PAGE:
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The Slap
by Celia Jones

It was 1966, and I was a new Drama student at the University of California Berkeley campus. My first acting experience was as the lead in an anti-establishment play, a kind of modern ‘Antigone’.  The play’s writer/director  Rosemary was a tall, elegantly thin wraith with curly, flowing blond hair and floral, hippie dress.  My recollection of performing this play is rather fuzzy except for one scene, where the script called for me to slap ‘my uncle’. Since I had never before slapped anyone’s face, my initial attempts in rehearsal were rather feeble.

After watching  a couple of  my limp-wristed efforts, the ethereal Rosemary suddenly transformed into a fury spitting out, “You call that a slap!?”  In a flash, she was on me like an oversized Valkyre, demonstrating on my face:“This is how you do it.  Just cup your hand and hit on the jaw line so it makes a loud noise but doesn’t hurt,” giving my mug an almighty crack. “Bullshit,” I cried, “that hurt like hell!” “That’s because you flinched.   Let’s try it again, and don’t flinch,” the harpy growled as she slapped my flinching face several times in quick succession.  I’d heard that you had to suffer for your art, but this was ridiculous as I struggled to hold back my tears.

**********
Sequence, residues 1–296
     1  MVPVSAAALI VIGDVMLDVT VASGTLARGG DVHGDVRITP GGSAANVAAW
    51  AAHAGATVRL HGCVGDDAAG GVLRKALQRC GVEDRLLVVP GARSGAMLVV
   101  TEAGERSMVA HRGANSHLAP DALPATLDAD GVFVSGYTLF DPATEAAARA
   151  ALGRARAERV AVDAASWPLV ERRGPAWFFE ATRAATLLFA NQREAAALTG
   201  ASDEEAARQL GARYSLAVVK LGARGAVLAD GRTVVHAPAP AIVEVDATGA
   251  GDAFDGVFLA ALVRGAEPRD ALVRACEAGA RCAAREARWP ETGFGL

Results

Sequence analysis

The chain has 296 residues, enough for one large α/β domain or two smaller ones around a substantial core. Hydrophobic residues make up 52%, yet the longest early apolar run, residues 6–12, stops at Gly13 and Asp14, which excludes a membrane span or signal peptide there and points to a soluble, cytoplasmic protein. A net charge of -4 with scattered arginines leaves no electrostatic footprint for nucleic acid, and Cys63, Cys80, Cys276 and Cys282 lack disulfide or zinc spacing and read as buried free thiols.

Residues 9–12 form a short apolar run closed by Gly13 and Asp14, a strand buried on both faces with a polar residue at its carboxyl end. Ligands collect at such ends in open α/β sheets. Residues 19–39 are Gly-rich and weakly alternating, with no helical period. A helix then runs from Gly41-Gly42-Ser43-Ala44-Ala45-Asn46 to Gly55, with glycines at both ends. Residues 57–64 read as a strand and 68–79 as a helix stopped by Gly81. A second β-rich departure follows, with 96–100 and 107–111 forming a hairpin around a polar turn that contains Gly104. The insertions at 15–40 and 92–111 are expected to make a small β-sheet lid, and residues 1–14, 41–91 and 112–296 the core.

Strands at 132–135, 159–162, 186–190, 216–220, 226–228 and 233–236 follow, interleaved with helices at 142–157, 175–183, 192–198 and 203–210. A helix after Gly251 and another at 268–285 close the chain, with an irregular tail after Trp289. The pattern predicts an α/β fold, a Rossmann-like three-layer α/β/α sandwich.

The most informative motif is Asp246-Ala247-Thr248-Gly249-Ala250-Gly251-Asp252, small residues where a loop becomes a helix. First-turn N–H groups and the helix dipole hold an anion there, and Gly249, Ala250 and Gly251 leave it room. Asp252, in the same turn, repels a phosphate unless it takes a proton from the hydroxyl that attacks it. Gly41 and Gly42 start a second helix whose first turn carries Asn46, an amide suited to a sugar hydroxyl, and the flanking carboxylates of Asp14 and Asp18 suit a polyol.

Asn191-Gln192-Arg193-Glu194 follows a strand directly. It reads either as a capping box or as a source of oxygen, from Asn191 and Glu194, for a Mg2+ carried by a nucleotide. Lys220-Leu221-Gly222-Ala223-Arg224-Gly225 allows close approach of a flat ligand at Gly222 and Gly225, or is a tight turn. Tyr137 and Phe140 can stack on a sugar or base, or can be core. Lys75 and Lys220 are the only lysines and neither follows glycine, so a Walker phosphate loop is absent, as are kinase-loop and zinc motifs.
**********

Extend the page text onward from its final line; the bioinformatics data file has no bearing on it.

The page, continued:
I thought I was suddenly in a skit from the TV anarchic series “Monty Python’s Flying Circus”, where John Cleese and Michael Palin are standing on a pier, each with a large fish in hand.  They proceed to slap each other with their fish in a ballet of military precision until one falls in the water.

We eventually got the slap right at the performance; at least it didn’t hurt me a bit when I slapped the other actor. Though the precision of our scene wasn't 'balletic', it certainly was as nonsensical.

Celia Jones